Review: Bittersweet

Bittersweet, Miranda Beverly-Whittemore

Published May 13th 2014 by Crown

400 pages

Source: Edelweiss

From Goodreads…


Suspenseful and cinematic, Bittersweet exposes the gothic underbelly of an American dynasty, and an outsider’s hunger to belong.

On scholarship at a prestigious East Coast college, ordinary Mabel Dagmar is surprised to befriend her roommate, the beautiful, blue-blooded Genevra Winslow. Ev invites Mabel to spend the summer at Bittersweet, her cottage on the Vermont estate where her family has been holding court for more than a century; it’s the kind of place where swimming boldly is required and the children twirl sparklers across the lawn during cocktail hour. Mabel falls in love with the midnight skinny-dips, the wet dog smell lingering in the air, the moneyed laughter carrying across the still lake, and before she knows it, she has everything she’s ever wanted: wealth, friendship, a boyfriend, and, most of all, the sense, for the first time in her life, that she belongs.

But as Mabel becomes an insider, she makes a terrible discovery, which leads to shocking violence and the revelation of the true source of the Winslows’ fortune. Mabel must choose: either expose the ugliness surrounding her and face expulsion from paradise, or keep the family’s dark secrets and redefine what is good and what is evil, in the interest of what can be hers.

If you’re looking for a book to take to the pool or the beach this is it!  Unless you live in Chicago like me where it will likely snow again next week.  But really-get this book!  This felt long, but I flew through the ending while ignoring my husband at night to see what choices Mabel made for herself.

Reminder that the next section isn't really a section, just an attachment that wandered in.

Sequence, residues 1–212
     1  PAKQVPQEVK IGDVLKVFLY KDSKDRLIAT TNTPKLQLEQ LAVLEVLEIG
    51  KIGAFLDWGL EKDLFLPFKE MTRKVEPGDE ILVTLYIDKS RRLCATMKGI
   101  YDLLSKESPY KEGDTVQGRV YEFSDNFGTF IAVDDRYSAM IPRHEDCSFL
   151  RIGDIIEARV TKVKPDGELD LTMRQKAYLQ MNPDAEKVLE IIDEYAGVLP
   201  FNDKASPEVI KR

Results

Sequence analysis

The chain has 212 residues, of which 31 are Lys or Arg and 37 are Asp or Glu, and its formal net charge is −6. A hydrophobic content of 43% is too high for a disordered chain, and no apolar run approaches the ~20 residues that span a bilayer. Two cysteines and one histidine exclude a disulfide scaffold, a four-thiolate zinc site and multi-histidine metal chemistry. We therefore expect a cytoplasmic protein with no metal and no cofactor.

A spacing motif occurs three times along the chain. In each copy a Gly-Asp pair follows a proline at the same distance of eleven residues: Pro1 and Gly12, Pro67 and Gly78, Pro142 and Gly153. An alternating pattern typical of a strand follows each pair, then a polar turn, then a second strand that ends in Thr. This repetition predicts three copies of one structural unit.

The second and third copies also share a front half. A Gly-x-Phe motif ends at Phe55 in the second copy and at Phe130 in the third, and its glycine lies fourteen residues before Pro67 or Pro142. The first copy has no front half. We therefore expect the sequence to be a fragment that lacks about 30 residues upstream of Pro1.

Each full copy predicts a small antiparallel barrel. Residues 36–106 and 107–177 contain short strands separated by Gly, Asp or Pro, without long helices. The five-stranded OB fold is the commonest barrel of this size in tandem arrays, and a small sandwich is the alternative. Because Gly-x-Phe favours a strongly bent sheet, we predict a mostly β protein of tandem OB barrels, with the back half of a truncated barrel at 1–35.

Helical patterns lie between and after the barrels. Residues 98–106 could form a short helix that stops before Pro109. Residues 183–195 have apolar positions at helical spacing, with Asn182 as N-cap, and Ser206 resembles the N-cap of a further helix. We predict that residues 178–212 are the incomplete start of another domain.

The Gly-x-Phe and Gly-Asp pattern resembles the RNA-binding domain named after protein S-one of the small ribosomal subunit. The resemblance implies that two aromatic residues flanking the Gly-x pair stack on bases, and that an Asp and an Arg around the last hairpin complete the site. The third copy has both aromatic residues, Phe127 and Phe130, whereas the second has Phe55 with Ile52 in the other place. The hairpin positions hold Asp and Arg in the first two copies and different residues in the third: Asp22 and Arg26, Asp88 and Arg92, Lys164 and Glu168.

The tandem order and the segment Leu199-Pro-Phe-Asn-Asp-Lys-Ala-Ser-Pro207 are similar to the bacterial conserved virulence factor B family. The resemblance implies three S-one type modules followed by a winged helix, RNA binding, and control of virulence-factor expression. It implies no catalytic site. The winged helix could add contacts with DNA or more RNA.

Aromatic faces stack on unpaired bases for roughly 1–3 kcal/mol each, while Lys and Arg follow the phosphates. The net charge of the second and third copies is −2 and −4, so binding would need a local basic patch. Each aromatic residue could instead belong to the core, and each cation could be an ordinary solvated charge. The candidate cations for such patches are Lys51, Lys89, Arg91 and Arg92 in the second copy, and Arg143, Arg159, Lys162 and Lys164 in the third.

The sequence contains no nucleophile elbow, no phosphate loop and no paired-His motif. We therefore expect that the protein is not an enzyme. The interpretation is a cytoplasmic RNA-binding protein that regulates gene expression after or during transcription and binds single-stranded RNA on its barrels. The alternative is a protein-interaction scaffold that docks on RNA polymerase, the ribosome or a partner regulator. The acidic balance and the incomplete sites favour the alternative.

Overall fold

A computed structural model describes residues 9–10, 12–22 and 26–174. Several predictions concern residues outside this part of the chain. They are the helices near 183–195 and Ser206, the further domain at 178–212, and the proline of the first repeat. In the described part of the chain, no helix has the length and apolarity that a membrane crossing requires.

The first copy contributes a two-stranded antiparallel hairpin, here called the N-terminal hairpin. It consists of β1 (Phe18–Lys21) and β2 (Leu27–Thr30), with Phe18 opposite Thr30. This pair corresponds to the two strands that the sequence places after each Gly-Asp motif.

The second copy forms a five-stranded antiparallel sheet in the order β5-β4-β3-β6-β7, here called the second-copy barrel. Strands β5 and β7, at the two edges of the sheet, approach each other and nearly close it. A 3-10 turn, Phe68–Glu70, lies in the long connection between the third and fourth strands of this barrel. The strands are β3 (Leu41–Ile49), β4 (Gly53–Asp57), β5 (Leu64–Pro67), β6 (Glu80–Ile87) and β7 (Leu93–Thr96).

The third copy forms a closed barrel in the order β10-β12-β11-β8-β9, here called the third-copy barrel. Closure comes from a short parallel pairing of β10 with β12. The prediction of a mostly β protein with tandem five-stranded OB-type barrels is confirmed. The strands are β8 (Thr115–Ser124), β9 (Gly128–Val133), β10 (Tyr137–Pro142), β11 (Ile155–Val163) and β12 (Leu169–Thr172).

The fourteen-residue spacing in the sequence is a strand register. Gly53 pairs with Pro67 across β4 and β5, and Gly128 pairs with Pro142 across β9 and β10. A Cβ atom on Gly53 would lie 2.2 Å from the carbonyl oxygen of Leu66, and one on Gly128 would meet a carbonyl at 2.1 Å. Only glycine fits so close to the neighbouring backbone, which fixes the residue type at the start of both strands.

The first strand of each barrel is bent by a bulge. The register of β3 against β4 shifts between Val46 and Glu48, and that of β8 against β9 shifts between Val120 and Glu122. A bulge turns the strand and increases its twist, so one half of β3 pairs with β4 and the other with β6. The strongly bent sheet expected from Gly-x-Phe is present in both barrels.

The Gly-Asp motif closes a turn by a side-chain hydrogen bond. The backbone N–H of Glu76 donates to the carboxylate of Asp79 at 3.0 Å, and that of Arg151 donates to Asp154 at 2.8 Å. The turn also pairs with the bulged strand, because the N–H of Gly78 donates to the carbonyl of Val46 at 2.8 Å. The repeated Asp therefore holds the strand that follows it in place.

Anyway, back to the beginning…

We meet Mabel during the school year.  Mabel is the poor and overweight roommate of the rich, glamorous, beautiful and somewhat thoughtless Ev.  When Ev begins to accept Mabel into her life and invites her Winloch for the summer Mabel sees a summer of perfection ahead.  Mabel hints as to the reasons she doesn’t want to go home for the summer; including violence from her father, tension with her mother, and the desperate desire to avoid working under her parents’ watch at their dry cleaning business.

Winloch is the summer estate where the Winslows – approximately 100 of them – spend every summer, each in their own cottage.  Ev is coming of age to inherit her own cottage and she and Mabel move into Bittersweet and make it their own.  Mabel knows that she’s not a Winslow, that she does not have the money, the class, or the claim to Winloch, but she desperately wants to belong.

When Ev’s eccentric aunt Indo hints to Mabel that if she helps her with a project for her own inheritance that she might pass her cottage down to Mabel, Mabel has to act.  She begins going through the family papers and starts wondering how the Winslows survived the Great Depression and kept on getting richer.

I won’t get into all of the secrets but I will say that while some I saw coming, the end of this book was not at all what I expected! We learn why Ev keeps her bedroom door triple-bolted at night, murders take place and are solved and the money behind the Winslows is uncovered.  None of the characters in this book are innocent and they are definitely all dislikeable at times.  I think that makes for a stronger book, when you’re so caught up and excited, even when you don’t know what outcome you want!

My only complaint was about Mabel’s secret.  Its hinted at throughout the book and finally is brought out in the final confrontation.  But I would have liked to know more about what happened.  Mabel never addresses her past head on, its only alluded to in her unsent letters to her mother or this one discussion of her brother.  I would have liked the full story.

BIttersweet has summer love and drama all in a perfect venue.  Definitely get this book for the summer and let me know how you feel about the Winslows!  Would you like to go to Winloch?

4.5 stars

Thank you Edelweiss and Crown Publishing for this advanced read copy in exchange for an honest opinion.


Leave a Reply

Fill in your details below or click an icon to log in: Logo

You are commenting using your account. Log Out /  Change )

Twitter picture

You are commenting using your Twitter account. Log Out /  Change )

Facebook photo

You are commenting using your Facebook account. Log Out /  Change )

Connecting to %s